Chancellor Cecil Staton speaks to students during the ECU convocation in August 2017.

East Carolina University Chancellor Cecil Staton is denying rumors which claim he is looking for a buyout from the University of North Carolina System’s Board of Governors. In a statement to the university, Staton said he’s committed to staying at ECU.

Staton was reportedly looking to leave his post on Jan. 1, just before UNC President Margaret Spellings’ departure on Jan. 15, according to various media reports. Staton was also allegedly seeking a severance package greater than what Spellings will receive.

Kieran Shanahan, chair of the ECU Board of Trustees, said in a phone interview that media reports about Staton’s departure aren’t accurate.

“Cecil is continuing to lead ECU ably and with Board’s (Board of Trustees’) support and there was no discussion during our Board meeting regarding a possible departure,” Shanahan said.

Jason Tyson, director of media relations for the UNC System, said in an emailed statement, the UNC System office will not be commenting or issuing a statement on the topic at this time, as it concerns a personnel matter.

Staton addressed the campus community in an ECU News Services email statement. Staton said he plans to remain at ECU.

“Chancellor Staton is currently en route to Florida, where he will be representing ECU at the AAC Board of Directors meeting. He confirms that he has neither accepted any deal nor resigned as Chancellor. ‘My focus will continue to be on serving ECU,’ he said,” according to Staton's statement.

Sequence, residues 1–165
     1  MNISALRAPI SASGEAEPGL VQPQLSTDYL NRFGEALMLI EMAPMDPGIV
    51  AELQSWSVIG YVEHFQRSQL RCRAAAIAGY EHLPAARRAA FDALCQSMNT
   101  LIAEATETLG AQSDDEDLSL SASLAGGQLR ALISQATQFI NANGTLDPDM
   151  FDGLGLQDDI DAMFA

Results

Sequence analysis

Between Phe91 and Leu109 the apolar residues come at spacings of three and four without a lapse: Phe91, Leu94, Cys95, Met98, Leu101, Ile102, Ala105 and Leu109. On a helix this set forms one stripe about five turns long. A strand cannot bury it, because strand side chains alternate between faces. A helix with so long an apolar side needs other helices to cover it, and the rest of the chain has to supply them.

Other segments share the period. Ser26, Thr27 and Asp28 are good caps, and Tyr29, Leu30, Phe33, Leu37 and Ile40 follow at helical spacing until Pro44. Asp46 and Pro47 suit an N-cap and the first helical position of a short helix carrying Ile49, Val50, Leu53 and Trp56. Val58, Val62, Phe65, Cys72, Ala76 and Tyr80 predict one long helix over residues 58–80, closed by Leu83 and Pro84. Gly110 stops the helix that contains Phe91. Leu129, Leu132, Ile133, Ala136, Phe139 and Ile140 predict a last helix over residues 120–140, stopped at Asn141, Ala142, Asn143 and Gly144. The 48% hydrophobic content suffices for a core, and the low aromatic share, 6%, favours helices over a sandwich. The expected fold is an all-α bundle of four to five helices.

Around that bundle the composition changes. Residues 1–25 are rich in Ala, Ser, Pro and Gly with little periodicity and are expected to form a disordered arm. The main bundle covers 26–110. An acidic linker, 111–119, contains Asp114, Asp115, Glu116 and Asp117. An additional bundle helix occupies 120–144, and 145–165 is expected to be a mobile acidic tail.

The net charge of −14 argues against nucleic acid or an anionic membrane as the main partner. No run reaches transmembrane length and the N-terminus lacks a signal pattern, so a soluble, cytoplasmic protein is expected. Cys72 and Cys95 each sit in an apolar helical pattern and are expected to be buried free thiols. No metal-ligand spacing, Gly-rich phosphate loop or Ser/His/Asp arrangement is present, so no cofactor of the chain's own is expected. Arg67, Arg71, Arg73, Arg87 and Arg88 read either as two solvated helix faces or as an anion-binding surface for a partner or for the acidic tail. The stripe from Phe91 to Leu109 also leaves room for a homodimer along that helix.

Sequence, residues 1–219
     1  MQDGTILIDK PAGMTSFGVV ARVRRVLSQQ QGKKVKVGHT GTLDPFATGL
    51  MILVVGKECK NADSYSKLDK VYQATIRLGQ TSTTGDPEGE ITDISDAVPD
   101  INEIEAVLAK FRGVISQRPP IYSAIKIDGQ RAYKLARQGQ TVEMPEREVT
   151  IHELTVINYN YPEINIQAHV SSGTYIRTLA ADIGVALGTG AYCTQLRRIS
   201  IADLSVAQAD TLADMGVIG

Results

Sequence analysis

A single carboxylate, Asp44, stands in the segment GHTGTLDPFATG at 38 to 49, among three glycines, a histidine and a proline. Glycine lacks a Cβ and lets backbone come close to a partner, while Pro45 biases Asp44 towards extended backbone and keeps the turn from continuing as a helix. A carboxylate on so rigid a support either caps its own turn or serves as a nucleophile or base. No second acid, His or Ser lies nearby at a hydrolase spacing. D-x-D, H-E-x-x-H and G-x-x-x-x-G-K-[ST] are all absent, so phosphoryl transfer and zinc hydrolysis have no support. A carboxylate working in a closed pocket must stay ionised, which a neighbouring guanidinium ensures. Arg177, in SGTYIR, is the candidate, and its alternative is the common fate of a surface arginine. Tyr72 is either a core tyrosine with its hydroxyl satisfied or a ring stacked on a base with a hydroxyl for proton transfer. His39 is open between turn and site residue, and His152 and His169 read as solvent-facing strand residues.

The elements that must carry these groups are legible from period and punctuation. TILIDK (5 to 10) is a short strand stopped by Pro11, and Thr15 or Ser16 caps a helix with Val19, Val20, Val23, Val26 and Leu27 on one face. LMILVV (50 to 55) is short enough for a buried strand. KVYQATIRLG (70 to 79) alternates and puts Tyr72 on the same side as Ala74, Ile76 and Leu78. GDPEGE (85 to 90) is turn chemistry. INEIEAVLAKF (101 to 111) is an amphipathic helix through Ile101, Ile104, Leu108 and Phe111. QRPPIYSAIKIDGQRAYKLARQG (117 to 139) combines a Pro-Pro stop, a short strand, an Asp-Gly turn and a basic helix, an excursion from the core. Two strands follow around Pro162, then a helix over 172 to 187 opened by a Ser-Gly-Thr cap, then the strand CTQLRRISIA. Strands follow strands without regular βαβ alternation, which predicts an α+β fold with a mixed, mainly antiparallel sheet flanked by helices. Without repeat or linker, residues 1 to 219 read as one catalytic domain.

Ron Mitchelson, senior vice chancellor of academic affairs said he has no information and as far as he knows, this recent information is unconfirmed, according to an emailed statement.

Jordan Koonts, SGA president, said he wasn’t aware of speculation surrounding Staton’s departure.

Koonts said he thinks highly of Staton and regardless of what happens, his opinion of Staton won’t change. Koonts said he feels Staton cares deeply about the university and its students and believes Staton has ECU’s best interest in mind.

“I think they’ve had a great vision for this university and for students,” Koonts said. “It’s, I guess, for lack of a better word, a shame he wasn’t dealt a better hand as far as, he had all of these amazing goals and ideas, and we’ve gotten so held up in the politics.”

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